Browse Tag: Internal Revenue Code section 1031

Impact of Tax Code Reform on 1031 Exchanges

Today’s guest post is by Wayne D’Amico, CCIM, EVP of Corporate Development & Strategic Relations with Xceligent & Past President and Chairman of the CCIM Institute. Since 1987, D’Amico has been engaged in diversified services in nearly a billion dollars of commercial and investment real estate projects in the areas of strategic and valuation consulting, transactional brokerage and creative financing to a national clientele.

 

Stumping for the preservation of Internal Revenue Code Section 1031, Like Kind Exchange rule, appears to be another attempt by rich folk looking to keep their trough over flowing at the expense of the little guy.  Will the promised Trump tax reform preserve 1031 rules or gut them to the chagrin of investors?  It’s complicated, but let’s try to break it down.

 

The Tax Code provides that the seller of real estate does not pay tax on any increase in value (gain) at the time of sale – provided, the seller invests all the sale proceeds into another property.  The tax is not avoided, but deferred until the time that the owner sells and cashes out instead of buying another property.

 

Why was Section 1031 enacted nearly 100 years ago?  Unlike buying and selling stocks, real estate transaction volume, velocity and value stimulates economic activity.  How?  Every real estate deal results in more work for a variety of jobs including appraisers, brokers, consultants, engineers, lenders, inspectors, insurers and contractors.  Greater transaction volume requires more people to perform the ancillary jobs.  And as real estate values increase, more money goes to those jobs.   The rule incentivizes owners to reinvest sale proceeds into the next deal within 180 days generating tremendous velocity in the market.  If you believe in this argument that robust real estate transaction environments are drivers of the overall economy, then legislation that supports higher sales volume and velocity ensure favorable economic stimulus.  Need stats?  In 2014, the National Association of REALTORS study suggests that some 39% of transaction volume was associated with 1031 related deals.  Eliminating the 1031 code will reduce the overall capital available to buy future properties by 25 to 40 percent due to capital gains tax and reduce the velocity with the removal of the 180-day reinvestment requirement.  If the capital pool controlled by private investors is reduced, the economy will slow and shrink.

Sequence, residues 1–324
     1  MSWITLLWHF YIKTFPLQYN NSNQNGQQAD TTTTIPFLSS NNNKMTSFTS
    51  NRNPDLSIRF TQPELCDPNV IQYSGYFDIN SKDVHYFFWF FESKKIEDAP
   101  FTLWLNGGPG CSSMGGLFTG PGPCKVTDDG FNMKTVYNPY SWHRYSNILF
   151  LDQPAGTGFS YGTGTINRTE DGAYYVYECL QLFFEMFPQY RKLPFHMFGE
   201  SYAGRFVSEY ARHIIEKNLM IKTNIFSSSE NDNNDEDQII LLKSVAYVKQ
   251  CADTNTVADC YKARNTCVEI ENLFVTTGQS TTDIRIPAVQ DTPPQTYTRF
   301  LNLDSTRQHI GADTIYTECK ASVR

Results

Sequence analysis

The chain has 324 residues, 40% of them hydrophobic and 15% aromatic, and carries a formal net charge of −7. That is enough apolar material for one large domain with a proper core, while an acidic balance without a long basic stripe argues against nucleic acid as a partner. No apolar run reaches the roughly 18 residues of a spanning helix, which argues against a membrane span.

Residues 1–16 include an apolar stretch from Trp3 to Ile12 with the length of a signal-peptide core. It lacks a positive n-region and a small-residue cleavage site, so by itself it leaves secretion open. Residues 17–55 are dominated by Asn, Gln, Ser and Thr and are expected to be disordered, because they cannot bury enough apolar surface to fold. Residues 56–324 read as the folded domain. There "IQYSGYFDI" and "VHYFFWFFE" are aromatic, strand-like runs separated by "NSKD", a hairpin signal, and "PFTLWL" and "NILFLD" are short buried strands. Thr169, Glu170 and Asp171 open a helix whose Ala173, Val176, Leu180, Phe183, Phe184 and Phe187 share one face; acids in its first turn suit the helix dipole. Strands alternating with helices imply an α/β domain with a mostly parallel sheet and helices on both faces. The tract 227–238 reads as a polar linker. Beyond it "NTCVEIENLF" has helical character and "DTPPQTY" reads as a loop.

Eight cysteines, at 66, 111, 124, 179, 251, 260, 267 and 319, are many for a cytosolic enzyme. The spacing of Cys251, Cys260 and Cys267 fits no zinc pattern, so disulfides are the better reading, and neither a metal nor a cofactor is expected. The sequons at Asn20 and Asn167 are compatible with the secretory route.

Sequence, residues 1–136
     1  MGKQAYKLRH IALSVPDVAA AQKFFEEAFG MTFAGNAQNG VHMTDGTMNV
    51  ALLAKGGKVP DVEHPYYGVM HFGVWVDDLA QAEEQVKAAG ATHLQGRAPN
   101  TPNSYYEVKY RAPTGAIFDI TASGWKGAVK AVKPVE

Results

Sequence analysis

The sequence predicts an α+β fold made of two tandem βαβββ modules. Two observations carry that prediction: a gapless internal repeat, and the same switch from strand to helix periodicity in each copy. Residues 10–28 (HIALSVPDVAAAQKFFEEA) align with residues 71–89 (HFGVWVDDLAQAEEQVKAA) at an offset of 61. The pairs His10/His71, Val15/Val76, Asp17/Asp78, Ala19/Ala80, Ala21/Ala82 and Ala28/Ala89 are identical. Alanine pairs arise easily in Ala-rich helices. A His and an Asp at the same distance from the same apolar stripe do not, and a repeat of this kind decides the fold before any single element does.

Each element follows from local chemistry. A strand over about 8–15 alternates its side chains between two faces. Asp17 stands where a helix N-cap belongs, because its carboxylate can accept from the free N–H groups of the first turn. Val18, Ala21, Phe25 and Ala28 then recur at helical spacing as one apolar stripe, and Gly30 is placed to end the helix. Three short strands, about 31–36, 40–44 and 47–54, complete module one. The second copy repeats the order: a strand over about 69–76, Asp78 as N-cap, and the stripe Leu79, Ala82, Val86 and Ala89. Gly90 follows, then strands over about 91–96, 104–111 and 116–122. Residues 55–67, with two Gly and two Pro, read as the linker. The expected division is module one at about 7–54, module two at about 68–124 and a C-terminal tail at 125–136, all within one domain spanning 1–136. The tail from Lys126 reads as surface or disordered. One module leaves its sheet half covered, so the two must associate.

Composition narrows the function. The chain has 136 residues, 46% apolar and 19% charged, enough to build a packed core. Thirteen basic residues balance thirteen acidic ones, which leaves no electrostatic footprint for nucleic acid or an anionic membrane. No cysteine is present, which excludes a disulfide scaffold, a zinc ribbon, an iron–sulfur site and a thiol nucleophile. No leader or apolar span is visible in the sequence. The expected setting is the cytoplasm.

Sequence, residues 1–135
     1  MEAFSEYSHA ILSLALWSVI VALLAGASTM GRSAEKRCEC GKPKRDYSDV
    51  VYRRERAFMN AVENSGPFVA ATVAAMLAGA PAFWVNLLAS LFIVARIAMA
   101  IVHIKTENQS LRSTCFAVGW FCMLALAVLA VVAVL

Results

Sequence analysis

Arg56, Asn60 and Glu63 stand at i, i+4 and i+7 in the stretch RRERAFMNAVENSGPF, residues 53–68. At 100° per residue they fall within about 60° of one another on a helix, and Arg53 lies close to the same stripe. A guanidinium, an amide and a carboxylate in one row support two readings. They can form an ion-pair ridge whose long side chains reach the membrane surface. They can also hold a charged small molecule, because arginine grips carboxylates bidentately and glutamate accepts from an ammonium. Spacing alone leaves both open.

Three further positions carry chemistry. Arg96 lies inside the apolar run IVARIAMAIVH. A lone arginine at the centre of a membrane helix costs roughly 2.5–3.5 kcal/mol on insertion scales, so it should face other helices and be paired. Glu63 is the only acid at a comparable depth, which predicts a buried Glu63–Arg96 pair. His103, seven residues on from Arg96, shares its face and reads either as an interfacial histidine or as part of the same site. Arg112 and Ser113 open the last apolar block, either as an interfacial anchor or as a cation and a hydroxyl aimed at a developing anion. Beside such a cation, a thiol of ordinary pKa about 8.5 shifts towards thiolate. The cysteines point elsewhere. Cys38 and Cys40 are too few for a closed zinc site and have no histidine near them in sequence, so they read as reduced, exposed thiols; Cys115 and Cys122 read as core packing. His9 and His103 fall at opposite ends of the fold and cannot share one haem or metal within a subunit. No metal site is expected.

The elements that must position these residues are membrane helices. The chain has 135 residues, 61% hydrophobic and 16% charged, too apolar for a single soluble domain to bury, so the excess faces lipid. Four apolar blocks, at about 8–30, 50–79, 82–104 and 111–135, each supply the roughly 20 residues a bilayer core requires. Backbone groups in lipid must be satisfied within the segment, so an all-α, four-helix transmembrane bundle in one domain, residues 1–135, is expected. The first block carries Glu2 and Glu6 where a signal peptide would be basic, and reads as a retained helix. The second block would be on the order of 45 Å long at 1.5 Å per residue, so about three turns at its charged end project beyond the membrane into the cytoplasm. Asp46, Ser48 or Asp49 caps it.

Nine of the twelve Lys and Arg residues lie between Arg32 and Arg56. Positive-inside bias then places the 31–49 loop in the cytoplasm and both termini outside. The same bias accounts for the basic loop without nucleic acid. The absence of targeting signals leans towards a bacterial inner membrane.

Can revision of this code be a good idea?  Sure.  The real estate investor is not a species that is inherently averse to taxation.  In fact, it’s really just math.  The decision to utilize the 1031 rule is not about an aversion to taxes empirically. It is the impact of the tax expense within a financial analysis of the return to the investor on and of her money invested in the real estate as it performs over time that matters.  The amount and timing of the tax are simply variables that plug into the proforma along with many more factors that result in an overall investment return.  If the right set of comprehensive tax reforms were put together as a part of the repeal of 1031 considering amongst other things depreciation, capital gain rates, real estate tax policies, overall economic conditions and interest rates to name a few, I can envision a world without 1031.  But, until I see such a proposal in detail, I’d rather keep the 1031 rule in place and let the private sector do the heavy lifting of stimulating the economy.